The beautiful woollies were all bedded down, peacefully awaiting the morning sun. The gunners didn’t care. They poured out of their warm trucks, rifles in hand, and headed towards the buffalo. Shots began to fire off, over and over and over. More than forty shots were fired. Buffalo who had not been hit – or at least not fatally hit – were running back towards the relative safety of the Park. But many fell. Down, down, down they went. Not all were killed. Many were left shot and suffering as the gunners pursued other buffalo, the wounded left wriggling and writhing on the cold ground. One last near-yearling was left, wondering where mom went, unsure of what to do. A rifle made the decision for her. From our vantage point, we counted thirteen bodies, but we know there are more.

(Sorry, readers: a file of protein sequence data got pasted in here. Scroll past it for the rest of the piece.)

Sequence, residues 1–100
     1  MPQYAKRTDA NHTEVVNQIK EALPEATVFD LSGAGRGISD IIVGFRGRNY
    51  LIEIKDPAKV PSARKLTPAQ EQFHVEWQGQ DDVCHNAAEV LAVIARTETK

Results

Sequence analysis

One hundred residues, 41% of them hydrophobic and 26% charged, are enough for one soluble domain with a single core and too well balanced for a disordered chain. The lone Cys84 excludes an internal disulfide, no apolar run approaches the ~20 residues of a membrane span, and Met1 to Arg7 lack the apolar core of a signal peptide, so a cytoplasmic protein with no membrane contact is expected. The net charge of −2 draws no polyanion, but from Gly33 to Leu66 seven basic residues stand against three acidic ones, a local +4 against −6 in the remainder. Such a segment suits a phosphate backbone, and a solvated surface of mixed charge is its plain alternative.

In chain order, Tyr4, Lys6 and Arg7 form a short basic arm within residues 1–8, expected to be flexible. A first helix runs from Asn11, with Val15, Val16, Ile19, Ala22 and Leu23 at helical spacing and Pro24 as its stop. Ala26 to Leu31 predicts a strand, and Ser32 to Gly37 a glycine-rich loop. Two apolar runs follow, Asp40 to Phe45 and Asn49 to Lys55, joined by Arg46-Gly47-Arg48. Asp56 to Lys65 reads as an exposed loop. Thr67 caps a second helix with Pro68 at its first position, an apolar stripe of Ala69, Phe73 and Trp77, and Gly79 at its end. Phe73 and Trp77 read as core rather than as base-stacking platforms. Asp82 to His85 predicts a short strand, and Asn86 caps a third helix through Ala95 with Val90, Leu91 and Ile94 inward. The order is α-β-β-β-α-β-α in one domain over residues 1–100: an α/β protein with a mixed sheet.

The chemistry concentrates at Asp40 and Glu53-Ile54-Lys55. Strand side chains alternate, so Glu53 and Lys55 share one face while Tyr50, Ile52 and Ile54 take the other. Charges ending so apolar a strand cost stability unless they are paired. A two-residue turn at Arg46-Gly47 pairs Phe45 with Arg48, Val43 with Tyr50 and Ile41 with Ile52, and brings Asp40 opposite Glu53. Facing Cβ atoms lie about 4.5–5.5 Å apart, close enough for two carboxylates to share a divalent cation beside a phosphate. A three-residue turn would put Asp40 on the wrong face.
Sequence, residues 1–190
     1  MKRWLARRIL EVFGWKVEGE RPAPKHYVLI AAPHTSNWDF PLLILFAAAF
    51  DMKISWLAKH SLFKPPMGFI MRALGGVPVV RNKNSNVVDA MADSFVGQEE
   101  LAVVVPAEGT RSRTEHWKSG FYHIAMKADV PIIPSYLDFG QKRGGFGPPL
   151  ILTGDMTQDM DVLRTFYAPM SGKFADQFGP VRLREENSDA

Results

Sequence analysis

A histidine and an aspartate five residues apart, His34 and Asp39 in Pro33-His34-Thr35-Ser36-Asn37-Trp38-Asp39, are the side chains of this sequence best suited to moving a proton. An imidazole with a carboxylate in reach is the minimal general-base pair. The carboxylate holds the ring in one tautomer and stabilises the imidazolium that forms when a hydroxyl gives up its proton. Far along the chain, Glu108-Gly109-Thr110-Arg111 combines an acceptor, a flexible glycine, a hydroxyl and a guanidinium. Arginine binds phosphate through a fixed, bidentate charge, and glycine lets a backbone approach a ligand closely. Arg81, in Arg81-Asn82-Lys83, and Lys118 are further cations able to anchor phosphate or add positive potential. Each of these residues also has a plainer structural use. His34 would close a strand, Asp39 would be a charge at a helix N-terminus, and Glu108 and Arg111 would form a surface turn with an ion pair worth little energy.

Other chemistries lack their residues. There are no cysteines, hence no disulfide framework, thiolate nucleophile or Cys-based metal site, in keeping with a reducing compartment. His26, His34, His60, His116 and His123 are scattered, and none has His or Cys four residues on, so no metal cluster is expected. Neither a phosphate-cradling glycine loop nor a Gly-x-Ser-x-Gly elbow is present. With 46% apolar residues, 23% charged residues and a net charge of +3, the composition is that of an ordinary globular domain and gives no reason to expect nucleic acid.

Soon after the killing was over, most of the trucks went up a Forest Service access road, known as “the recovery road” where they are allowed to drive in to make it easy for them to retrieve their buffalo.

This is not a hunt.
It is a slaughter.

Leaving them to their field dressing, I ventured into the park to get counts on buffalo in danger of being captured for slaughter or domestication (quarantine), or those who may head north back towards the killing fields. The lands around Yellowstone’s Stephens Creek buffalo trap are teeming with buffalo. There are no less than 600 of the gentle giants gracing the landscape. It is a wonderful, beautiful sight until you remember what fates may await them.

As I write this, a small group of thirteen bulls and one female (an odd dynamic) are getting dangerously close to Beattie Gulch. We are watching closely.